Jan. 11, 2018

Campus security systems integrated for a safer UCalgary

Broader video monitoring coverage, increasingly centralized security controls improve how Campus Security keeps us safe
Brian Sembo, chief of campus security, in the Security Operations Centre, where recorded data from more than 1,100 high-resolution digital cameras across campus is monitored. Photo by Riley Brandt, University of Calgary
Brian Sembo, chief of campus security, in the Security Operations Centre. Riley Brandt, University of Calgary

Campus Security is closing in on its long-term goal to have a fully integrated electronic security system that incorporates all surveillance, electronic access control and alarm tools used on campus.

In 2015, the University of Calgary began transitioning aspects of the campus security systems to the Genetec Security Centre Unified Platform. Genetec is an industry leader in internet protocol (IP) based security solutions, serving clients around the world. The Genetec platform manages a number of electronic security systems, including closed-circuit TV (CCTV) video monitoring and data collection, electronic access control, and alarm devices. 

Brian Sembo, chief of campus security, says an integrated system brings further centralization and efficiency to the processes that help protect and assist the campus community.      

The big picture — live from CCTV cameras across campus 

Just before transitioning to the Genetec platform three years ago, Campus Security was using an analogue CCTV video monitoring system with only 80 cameras. Since then, more than 1,100 high-resolution digital cameras have been installed. 

CCTV-recorded data has been used in numerous situations relating to damaged property, physical conflicts and various thefts. Video from the UCalgary campus has even played an important role in identifying prolific thieves who target multiple locations.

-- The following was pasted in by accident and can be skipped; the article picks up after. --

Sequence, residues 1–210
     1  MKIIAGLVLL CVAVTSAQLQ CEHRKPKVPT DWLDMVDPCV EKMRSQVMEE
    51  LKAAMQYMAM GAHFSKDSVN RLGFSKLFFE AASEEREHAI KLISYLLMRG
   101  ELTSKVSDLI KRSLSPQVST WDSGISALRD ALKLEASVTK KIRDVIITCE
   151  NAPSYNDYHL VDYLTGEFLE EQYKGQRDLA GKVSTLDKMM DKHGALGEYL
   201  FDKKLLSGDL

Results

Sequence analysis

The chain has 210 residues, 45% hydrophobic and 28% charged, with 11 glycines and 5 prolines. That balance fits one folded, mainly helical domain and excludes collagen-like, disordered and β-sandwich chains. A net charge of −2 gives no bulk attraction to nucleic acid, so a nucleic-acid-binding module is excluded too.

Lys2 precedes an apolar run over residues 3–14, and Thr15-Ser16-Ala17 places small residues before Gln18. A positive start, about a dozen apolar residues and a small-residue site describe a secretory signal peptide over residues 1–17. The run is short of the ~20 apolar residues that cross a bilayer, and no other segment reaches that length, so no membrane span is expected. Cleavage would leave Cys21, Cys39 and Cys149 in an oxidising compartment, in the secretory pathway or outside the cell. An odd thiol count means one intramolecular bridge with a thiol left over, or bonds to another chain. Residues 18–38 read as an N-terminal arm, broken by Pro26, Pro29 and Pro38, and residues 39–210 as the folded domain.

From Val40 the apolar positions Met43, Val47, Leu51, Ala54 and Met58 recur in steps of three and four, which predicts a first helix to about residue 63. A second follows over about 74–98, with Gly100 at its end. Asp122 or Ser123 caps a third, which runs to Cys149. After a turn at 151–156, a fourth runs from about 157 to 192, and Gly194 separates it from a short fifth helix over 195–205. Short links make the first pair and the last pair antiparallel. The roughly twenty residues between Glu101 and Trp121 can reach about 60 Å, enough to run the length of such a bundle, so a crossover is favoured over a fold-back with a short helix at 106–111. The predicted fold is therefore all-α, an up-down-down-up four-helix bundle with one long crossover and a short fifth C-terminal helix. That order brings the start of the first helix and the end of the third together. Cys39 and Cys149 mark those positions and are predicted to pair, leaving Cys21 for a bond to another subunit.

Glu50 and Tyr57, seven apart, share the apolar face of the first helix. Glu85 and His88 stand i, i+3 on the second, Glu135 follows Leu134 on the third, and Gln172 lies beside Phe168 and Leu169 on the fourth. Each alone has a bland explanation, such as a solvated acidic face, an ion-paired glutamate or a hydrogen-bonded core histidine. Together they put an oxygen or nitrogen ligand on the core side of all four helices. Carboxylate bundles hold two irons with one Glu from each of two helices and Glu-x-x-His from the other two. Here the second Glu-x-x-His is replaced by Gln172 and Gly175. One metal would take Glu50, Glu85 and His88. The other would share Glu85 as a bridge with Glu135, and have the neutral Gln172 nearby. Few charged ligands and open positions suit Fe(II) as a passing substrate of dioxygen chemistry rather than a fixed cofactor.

“In one 2017 case, we provided police investigators with our video-recorded data, which placed a subject in the vicinity of reported thefts on numerous occasions,” Sembo says. “Police were investigating similar thefts at other post-secondary institutions and they used our video recorded data to determine that the same individual had been to those campuses as well.”

The significant increase in CCTV monitoring coverage on campus does not mean reduced privacy where it counts. Cameras are never placed in private offices, labs or washrooms, and they are never directed at the windows of private workspaces or residences. 

A building priority list for CCTV deployment was established through a risk-based approach and so far, close to 30 buildings on the main campus are compliant with CCTV standards. CCTV installations will continue according to building priority and budget.    

Centralizing access controls 

The Genetec Security Centre Unified Platform also supports integrated electronic card access, which makes it possible to schedule and control the locking and unlocking of doors from a central location. This automation eliminates the need for Caretaking or Campus Security employees to physically lock and unlock buildings. Additionally, centralized access control can be a vital tool in lockdown situations.  

To date, the new electronic card access system has been implemented in a number of areas including: Kinesiology A/B, Math Science, Biological Sciences, Earth Science, the Campus Security office in MacEwan Student Centre, Science B, and Scurfield Hall. 

The older electronic card access system can’t be integrated with existing surveillance or alarm systems, but since the existing doors on campus are fully operational, the integrated electronic card access system will be deployed slowly in conjunction with construction and renovation projects. The same is true for alarms on campus. 

“We’ve been working towards integration since 2015 and we’ve made excellent progress,” says Sembo. “We’ll continue to strategically transition our security systems to the Genetec platform in tandem with other campus projects where possible and as necessary for campus safety.”